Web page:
Yesterday’s post generated such rich and thoughtful conversation, I'm reluctant to let it go too soon. Herewith some short takes on some of the comments you left:
The first is in the order of housekeeping: Alexandra Grabbe “has decided” I should use the word “senior” and not “elder” because I’m 65, not 92. As I have explained in the past, senior and senior citizen have become pejorative phrases dismissive of old people.
We use “elder” on Time Goes By in an attempt to resurrect a fine, old world that has fallen into disuse except to identify tribal leaders of native cultures, although it is also commonly used in discussion of violence against old people – “elder abuse.”
“Elderly,” by anyone’s definition, refers to frail which elders may or may not be.
And so, Time Goes By will continue to use and promote the word elder to describe people older than mid-years. As joared pointed out in her comment, language is important. Those who read the repeated use of respectful, accurate language will follow suit and in time, attitude and action will begin to match the language.
Women Supporting Women
I must disagree with Rain who says, “If a woman isn't elected president, it's because women aren't voting for her as women are in the majority.”
Eventually, a woman will be elected president, but I hope with all my heart that it will not be only because she is a woman. I suspect Hillary Clinton will be re-elected to the Senate this year on that theory. But if I were still a New York resident, she wouldn’t get my vote based on her craven political record – which is all that counts in voting, not gender.
To Rain’s broader point however, sometimes women don’t support one another when they could and should. Or, sometimes, they actively oppose women. I once worked for a woman who promoted only attractive, young men (and not women of any age) whether they were capable and prepared or not with, occasionally, disastrous results. It was so obvious over several years that we laughed about it – between our rage and tears.
Chancy left a note to be sure I wasn’t disrespecting women who choose to be full-time mothers. Of course not. The whole point is the choice. But it’s clear that some young women still don’t respect others who aren’t aiming to be masters of the universe.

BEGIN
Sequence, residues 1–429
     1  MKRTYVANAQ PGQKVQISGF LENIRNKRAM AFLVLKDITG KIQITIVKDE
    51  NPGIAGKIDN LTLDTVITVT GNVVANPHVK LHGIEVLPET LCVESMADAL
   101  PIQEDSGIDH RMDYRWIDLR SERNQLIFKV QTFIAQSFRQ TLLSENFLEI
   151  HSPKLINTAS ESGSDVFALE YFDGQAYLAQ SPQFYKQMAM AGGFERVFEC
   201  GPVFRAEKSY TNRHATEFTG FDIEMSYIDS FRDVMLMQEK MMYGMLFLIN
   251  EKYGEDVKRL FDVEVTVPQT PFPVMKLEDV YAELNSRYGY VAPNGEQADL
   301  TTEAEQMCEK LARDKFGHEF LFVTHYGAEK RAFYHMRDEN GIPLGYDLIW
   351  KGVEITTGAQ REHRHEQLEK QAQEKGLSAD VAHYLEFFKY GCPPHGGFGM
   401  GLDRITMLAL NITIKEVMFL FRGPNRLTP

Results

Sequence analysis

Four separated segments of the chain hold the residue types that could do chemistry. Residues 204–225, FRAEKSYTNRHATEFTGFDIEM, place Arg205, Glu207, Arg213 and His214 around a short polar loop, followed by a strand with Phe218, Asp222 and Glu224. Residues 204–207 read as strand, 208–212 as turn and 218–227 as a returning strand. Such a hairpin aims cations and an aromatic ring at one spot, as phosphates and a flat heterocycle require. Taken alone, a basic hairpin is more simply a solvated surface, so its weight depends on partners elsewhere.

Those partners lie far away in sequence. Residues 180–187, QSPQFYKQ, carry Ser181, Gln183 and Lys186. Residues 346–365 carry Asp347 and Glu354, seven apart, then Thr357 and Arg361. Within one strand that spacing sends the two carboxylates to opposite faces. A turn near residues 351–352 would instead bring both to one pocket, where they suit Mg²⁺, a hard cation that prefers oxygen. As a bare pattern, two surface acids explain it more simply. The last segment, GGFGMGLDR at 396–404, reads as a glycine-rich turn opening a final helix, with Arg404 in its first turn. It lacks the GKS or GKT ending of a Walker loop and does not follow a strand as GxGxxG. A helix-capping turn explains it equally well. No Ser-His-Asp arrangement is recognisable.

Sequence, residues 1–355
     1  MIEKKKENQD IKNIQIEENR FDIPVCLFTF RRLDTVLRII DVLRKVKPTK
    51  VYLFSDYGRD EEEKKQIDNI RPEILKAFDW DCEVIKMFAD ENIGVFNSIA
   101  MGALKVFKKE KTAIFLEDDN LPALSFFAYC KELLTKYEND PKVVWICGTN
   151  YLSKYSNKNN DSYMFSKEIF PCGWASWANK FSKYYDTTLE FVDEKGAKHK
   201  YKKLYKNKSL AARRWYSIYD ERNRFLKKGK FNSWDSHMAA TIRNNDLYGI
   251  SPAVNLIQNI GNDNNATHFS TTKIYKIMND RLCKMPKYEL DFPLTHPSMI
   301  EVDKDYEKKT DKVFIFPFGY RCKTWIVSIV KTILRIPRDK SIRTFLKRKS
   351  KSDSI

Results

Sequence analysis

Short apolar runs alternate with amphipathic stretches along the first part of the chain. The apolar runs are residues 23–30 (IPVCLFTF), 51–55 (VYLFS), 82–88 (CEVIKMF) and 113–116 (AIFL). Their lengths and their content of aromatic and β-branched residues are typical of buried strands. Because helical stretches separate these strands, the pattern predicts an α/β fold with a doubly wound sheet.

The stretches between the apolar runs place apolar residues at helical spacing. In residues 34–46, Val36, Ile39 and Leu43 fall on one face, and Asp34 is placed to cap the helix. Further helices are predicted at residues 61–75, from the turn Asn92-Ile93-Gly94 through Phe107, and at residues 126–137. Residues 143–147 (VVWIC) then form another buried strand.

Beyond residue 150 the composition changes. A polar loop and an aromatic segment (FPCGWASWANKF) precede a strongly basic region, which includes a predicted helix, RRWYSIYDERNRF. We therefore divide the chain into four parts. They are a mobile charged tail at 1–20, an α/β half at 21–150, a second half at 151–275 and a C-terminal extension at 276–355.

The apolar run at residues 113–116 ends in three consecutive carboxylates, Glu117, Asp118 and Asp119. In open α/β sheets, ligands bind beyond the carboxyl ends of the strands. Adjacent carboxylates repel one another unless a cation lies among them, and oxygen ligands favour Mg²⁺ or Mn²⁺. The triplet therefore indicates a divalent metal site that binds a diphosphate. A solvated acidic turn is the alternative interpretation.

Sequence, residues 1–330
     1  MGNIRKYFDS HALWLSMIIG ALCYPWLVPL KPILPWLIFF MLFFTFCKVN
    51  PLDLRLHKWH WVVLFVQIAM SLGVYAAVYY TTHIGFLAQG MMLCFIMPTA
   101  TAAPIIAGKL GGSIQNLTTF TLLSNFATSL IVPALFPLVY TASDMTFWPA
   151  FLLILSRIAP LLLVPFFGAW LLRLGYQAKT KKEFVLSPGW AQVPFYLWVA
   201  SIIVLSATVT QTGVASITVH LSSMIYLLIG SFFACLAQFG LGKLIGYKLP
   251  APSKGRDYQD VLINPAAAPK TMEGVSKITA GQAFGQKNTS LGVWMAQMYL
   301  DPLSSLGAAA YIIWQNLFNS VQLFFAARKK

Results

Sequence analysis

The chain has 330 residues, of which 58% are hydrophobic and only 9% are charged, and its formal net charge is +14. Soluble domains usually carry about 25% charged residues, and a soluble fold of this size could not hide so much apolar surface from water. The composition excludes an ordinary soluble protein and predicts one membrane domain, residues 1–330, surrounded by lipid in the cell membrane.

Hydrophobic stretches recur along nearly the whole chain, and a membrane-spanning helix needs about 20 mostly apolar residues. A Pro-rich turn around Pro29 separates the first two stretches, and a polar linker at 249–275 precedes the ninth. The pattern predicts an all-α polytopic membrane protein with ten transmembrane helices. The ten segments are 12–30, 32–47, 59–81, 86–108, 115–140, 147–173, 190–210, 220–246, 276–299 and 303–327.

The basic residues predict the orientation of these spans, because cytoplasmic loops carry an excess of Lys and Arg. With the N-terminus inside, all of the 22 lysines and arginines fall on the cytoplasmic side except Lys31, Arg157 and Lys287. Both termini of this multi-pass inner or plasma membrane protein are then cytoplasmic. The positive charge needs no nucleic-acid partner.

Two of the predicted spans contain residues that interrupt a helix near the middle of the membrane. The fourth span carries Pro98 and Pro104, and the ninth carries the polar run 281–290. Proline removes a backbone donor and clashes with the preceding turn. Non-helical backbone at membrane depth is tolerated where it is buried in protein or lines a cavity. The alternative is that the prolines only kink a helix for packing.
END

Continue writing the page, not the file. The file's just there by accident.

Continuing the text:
Last week, in a “My Turn” column in Newsweek, a woman named Linda Hirshman contended that without paying jobs, women cannot "…influence, honor, compensation, a way of being political and a hand in shaping the world." It’s obvious Ms. Hirschman needs an attitude adjustment and Newsweek readers made that abundantly clear in their responses this week. [Scroll down to the header, “The Mommy Wars Rage On.” May require a Newsweek subscription; I’m not sure.]
The Difficulty of Change
Regarding Alan G’s point about women who rejected feminism in its early stages 40-odd years ago, we humans are stubborn in our beliefs and opinions. It takes a long time to let go of the ones that no longer serve us, even when it’s obviously time to do so. That’s why, as noted yesterday, social movements take so long to catch hold.
But I don't want us to criticize the women of the 1960s who clung to the long-prevailing zeitgeist that “a woman’s place is in the home.” Most obviously, many had already raised their children, had no career skills or any role models for working outside the home. It just wasn’t done by their generation of women.
Others, who were younger, also didn’t have the skills for even simple clerical jobs. Before the women’s movement changed the economics of family so that today it takes two incomes to raise children and put them through college, women rarely attended college. The attitude toward the few who did was that they were taking a place at school that a man more rightly deserved.
My point is that if you weren’t there, or if you memory has slipped a bit, it wasn’t easy for women then to just go to work if they wanted or even to get an education to prepare them for it. So let’s go easy on those women many of whom quietly, even silently, supported the movement but had no means to become an active part of it.
Finally, to duz7’s point, ongoing vigilance is necessary. Forty years does not social acceptance make and it is continuous conversations such as the excellent one yesterday that keeps an issue active and growing.
But, dus7 – we part company on shoes. Those strappy, three-inch, spike-heeled shoes thrill me. They’re gorgeous and I’m only sorry that at my age, I’m no longer willing to suffer the pain of wearing them that I did until ten years ago. I don’t just like those sexy, impractical shoes, I love, as you can read in this post from 18 months ago.